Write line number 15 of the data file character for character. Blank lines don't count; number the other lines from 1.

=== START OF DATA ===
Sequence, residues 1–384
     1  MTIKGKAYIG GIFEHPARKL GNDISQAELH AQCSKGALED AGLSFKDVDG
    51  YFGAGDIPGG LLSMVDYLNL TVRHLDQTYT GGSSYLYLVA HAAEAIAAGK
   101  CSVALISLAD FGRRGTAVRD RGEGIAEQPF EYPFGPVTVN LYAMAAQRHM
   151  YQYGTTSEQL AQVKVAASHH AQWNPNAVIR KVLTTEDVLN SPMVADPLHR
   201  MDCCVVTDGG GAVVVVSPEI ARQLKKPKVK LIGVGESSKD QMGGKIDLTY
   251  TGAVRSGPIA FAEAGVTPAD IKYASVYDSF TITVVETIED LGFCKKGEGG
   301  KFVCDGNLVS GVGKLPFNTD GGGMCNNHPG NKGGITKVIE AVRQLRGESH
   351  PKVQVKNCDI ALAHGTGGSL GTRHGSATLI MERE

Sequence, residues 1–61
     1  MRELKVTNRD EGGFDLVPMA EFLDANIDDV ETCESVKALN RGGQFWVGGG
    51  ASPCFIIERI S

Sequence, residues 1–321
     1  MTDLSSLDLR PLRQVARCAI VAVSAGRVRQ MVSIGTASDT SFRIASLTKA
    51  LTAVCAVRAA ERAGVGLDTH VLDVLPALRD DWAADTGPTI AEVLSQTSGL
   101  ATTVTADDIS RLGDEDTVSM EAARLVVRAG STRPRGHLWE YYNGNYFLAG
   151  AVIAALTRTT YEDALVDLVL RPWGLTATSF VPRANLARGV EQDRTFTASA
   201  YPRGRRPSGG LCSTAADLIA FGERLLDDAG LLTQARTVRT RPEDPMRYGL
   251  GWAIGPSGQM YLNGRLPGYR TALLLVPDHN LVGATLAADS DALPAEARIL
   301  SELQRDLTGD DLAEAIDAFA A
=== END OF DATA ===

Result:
    51  LTAVCAVRAA ERAGVGLDTH VLDVLPALRD DWAADTGPTI AEVLSQTSGL